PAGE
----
Robert Rauschenberg  

From The Art and Popular Culture Encyclopedia

Jump to: navigation, search

Related e

Google
Wikipedia
Wiktionary
Wiki Commons
Wikiquote
Wikisource
YouTube
Shop


Featured:
Train wreck at Montparnasse (October 22, 1895) by Studio Lévy and Sons.
Enlarge
Train wreck at Montparnasse (October 22, 1895) by Studio Lévy and Sons.

Robert Rauschenberg (born Milton Ernst Rauschenberg; October 22 1925 - May 12 2008) was an American artist who came to prominence in the 1950s transition from Abstract Expressionism to Pop Art and is best-known for such works as Retroactive I (1964).

Rauschenberg is perhaps most famous for his "Combines" of the 1950s, in which non-traditional materials and objects were employed in innovative combinations. While the Combines are both painting and sculpture, Rauschenberg has also worked with photography, printmaking, papermaking, and performance. Rauschenberg had a tendency to pick up the trash that interested him on the streets of New York City and bringing it back to his studio to use it in this works. He claimed he "wanted something other than what I could make myself and I wanted to use the surprise and the collectiveness and the generosity of finding surprises. And if it wasn't a surprise at first, by the time I got through with it, it was. So the object itself was changed by its context and therefore it became a new thing."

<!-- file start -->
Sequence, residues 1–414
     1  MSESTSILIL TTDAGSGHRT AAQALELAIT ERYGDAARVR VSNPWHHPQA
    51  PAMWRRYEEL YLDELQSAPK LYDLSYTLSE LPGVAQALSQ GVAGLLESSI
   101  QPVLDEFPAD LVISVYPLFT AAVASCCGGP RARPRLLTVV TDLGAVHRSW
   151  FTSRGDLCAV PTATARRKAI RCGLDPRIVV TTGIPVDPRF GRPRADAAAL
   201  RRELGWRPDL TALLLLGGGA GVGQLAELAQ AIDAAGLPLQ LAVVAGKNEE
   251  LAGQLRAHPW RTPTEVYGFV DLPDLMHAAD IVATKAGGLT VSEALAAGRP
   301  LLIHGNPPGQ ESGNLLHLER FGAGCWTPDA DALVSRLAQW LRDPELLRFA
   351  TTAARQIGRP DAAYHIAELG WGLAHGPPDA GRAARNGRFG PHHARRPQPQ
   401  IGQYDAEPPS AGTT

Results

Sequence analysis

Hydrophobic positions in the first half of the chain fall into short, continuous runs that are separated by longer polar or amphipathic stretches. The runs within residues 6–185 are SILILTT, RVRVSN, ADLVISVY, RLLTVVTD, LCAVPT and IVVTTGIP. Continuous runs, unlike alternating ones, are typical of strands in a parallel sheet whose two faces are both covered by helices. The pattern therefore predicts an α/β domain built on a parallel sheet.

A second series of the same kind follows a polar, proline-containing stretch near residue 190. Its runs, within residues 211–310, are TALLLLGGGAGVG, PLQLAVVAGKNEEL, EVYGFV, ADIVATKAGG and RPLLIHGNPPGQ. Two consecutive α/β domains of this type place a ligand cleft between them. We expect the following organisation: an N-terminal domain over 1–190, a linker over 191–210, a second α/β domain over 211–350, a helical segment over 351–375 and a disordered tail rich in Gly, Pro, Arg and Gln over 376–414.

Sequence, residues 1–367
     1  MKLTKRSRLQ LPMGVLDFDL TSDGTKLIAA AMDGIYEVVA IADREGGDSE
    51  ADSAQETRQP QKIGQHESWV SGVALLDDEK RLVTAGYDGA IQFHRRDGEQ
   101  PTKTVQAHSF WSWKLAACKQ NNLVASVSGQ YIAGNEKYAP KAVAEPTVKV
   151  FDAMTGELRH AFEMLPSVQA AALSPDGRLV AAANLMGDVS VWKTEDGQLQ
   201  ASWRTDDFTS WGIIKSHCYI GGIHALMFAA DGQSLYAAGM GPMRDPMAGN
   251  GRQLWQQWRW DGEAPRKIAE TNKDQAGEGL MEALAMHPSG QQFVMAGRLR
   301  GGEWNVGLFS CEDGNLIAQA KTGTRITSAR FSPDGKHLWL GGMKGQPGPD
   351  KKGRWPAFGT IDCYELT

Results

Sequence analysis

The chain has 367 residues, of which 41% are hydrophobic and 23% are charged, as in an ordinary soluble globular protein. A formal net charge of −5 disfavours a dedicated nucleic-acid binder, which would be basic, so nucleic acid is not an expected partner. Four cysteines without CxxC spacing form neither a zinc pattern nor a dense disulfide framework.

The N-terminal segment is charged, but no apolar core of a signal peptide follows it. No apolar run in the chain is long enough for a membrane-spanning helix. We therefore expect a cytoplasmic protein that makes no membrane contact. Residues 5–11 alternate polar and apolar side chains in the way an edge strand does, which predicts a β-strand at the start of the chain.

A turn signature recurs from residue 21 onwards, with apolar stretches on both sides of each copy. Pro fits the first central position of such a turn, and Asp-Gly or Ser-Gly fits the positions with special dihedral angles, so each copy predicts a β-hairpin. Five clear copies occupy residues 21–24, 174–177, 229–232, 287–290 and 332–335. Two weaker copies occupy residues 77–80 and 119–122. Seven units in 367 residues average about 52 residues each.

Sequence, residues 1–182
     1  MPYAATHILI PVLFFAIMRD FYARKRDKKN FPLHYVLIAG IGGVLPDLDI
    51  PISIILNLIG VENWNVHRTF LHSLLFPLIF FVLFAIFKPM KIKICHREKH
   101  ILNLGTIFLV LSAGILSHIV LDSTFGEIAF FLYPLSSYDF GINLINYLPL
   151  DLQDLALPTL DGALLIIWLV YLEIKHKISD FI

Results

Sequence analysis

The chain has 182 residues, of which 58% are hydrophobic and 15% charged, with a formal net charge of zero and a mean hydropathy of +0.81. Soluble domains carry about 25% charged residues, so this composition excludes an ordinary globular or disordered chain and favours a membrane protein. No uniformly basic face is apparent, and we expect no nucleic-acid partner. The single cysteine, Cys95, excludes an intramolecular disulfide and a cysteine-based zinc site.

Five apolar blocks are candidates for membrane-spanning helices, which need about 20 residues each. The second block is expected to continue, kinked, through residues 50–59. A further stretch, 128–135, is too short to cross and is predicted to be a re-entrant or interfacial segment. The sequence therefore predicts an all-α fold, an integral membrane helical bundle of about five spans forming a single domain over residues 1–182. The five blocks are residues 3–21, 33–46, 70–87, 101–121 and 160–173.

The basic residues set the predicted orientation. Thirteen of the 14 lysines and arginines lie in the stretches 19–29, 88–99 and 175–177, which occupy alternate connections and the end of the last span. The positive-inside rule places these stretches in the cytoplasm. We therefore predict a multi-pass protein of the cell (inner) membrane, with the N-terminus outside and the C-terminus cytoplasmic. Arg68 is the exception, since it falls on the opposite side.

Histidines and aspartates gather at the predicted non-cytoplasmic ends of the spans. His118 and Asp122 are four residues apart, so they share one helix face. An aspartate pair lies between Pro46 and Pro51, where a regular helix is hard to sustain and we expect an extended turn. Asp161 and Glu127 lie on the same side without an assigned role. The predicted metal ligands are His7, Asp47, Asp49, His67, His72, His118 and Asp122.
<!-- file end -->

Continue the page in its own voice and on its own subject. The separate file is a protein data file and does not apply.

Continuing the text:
Contents

Erasing Willem de Kooning's work

In 1953, Rauschenberg stunned the art world by erasing a drawing by de Kooning. Willem de Kooning was a symbol of abstract expressionism. Rauschenberg's Pop art was a reaction against it.

In a famously cited incident of 1953, Rauschenberg erased a drawing by de Kooning, which he obtained from his colleague for the express purpose of erasing it as an artistic statement. The result is titled Erased de Kooning Drawing.

Praise

In 1964 Rauschenberg was the first American artist to win the Grand Prize at the Venice Biennale (Mark Tobey and James Whistler had previously won the Painting Prize). Since then he has enjoyed a rare degree of institutional support. Rauschenberg lived and worked in New York City.

See also

External links



Unless indicated otherwise, the text in this article is either based on Wikipedia article "Robert Rauschenberg" or another language Wikipedia page thereof used under the terms of the GNU Free Documentation License; or on original research by Jahsonic and friends. See Art and Popular Culture's copyright notice.

Personal tools